2015 FIFA Women’s World Cup: Training the third team on the pitch

Peter Koutroumpis, Triangle Sports Network
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Peter Koutroumpis, Triangle Sports Network

ZURICH, SWITZERLAND – As preparations for the upcoming 2015 FIFA Women’s World Cup competition that will take place in Canada in early June continues for 24 teams, including the second-ranked United States, the sport’s governing body announced on Friday how the event’s ‘third team’ on the field, the officials working the tournament, were doing.

As per FIFA’s release, labeled as the event’s 25th squad, all officials, 29 referees and 44 assistant referees hailing from 48 countries, gathered at the FIFA headquarters in Zurich for some intense preparation that took place from April 20-24.

They underwent medical exams, fitness tests and theoretical and practical sessions led by FIFA referee instructors, with the goal of having them reach peak condition by the beginning of the tournament.

“We are definitely on the right track. We really worked hard in this seminar”, FIFA Head of Refereeing Massimo Busacca said.

“Our work is based on the same philosophy as in men’s refereeing: we aim for quality, uniformity and consistency, while working on positioning and a focus on reading the game. We are convinced that with this kind of preparation – through which we also give important attention to the physical and psychological aspects of refereeing – we will try to reduce mistakes and have good performances during the FIFA Women’s World Cup.”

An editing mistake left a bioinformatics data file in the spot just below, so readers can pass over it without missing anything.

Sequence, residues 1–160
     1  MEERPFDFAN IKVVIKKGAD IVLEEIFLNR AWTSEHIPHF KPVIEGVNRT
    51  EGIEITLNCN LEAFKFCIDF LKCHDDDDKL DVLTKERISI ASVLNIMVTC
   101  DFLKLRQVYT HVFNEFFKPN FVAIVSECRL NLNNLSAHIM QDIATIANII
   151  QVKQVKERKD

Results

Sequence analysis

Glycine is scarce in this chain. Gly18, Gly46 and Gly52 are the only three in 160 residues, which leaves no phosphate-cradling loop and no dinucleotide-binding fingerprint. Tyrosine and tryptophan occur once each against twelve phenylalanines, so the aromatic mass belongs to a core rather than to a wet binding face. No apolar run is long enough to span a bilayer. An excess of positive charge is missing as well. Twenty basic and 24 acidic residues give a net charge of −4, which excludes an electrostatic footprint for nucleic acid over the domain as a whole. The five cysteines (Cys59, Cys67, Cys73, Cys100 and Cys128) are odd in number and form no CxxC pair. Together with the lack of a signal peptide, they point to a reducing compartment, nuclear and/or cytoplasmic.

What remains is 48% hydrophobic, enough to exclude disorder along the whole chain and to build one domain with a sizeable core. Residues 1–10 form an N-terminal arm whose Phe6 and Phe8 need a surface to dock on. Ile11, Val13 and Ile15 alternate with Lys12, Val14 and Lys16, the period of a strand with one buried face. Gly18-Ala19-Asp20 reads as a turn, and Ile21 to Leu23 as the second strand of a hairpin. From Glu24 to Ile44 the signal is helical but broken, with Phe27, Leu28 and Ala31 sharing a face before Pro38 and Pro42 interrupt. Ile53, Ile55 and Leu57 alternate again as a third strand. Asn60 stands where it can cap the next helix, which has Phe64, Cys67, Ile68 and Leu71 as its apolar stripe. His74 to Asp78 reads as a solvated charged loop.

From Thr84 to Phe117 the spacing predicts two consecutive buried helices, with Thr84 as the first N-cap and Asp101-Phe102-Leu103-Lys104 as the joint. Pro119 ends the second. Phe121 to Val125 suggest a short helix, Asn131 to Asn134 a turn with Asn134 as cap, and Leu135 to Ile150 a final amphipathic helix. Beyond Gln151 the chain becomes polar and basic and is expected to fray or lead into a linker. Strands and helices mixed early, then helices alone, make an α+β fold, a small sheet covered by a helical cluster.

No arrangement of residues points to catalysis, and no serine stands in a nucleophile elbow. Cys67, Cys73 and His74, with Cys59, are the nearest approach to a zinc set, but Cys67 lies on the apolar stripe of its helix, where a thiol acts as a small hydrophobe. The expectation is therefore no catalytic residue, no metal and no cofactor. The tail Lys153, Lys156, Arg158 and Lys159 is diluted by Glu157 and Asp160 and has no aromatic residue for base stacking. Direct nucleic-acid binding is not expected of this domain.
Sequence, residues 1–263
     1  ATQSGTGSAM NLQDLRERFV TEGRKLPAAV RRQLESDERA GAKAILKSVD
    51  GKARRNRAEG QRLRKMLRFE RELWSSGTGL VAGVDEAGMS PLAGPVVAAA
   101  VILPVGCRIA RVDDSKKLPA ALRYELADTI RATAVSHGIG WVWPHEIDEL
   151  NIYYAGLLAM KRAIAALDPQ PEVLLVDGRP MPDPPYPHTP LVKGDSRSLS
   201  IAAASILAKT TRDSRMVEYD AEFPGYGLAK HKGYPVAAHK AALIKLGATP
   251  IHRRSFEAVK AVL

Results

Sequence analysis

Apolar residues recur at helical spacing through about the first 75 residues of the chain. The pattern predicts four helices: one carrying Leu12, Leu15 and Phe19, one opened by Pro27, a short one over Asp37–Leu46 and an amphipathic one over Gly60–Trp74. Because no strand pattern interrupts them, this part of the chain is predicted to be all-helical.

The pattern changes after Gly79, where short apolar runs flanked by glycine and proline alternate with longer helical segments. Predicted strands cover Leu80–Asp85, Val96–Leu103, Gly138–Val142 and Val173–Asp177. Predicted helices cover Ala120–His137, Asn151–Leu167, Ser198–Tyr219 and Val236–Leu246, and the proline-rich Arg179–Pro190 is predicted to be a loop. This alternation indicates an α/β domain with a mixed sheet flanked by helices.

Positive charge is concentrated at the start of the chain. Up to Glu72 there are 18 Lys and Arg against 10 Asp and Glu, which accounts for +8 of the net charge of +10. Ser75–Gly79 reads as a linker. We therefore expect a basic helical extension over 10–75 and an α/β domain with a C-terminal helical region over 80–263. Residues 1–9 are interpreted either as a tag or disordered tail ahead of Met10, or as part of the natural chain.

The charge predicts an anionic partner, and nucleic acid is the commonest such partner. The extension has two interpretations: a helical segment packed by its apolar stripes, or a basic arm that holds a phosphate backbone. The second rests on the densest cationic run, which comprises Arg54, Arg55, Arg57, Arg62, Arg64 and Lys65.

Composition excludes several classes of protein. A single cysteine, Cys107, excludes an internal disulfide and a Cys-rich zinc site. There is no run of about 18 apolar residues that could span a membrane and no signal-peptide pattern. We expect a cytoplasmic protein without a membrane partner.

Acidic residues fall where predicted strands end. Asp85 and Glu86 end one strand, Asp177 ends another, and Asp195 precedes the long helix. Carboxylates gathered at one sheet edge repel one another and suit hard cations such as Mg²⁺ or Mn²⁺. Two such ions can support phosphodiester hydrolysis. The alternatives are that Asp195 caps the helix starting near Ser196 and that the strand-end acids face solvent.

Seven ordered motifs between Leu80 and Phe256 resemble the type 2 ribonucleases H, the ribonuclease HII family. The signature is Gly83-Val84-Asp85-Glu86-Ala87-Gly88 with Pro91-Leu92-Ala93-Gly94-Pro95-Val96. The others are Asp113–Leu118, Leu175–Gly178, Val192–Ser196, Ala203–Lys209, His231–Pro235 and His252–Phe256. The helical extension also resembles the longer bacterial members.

In addition to advanced and detailed rules and mechanics training and preparation, the FIFA competition in Canada will mark the first time that Goal-Line Technology (GLT) will be featured and utilized at a major women’s soccer event.

To ensure match officials were comfortable with using this new technology as an officiating support tool, FIFA organized training sessions specifically on GLT and tests that referees would need to conduct prior to each match of the competition.

If the results of that test are not to the referee’s satisfaction, she may opt not to use the technology – in general, a decision that must be made no later than 75 minutes before kick-off.

FIFA is set to organize another GLT training session for the referees in Canada before the tournament.

“I’m very happy with the whole seminar and I’m convinced that Goal-Line Technology will be a big help for match officials in the FIFA Women’s World Cup”, Busacca said.

Busacca and his team of FIFA referee instructors will continue to monitor the 73 selected officials until they meet again in Canada.

FIFA Women’s World Cup Officials Training – FIFA.com (YouTube)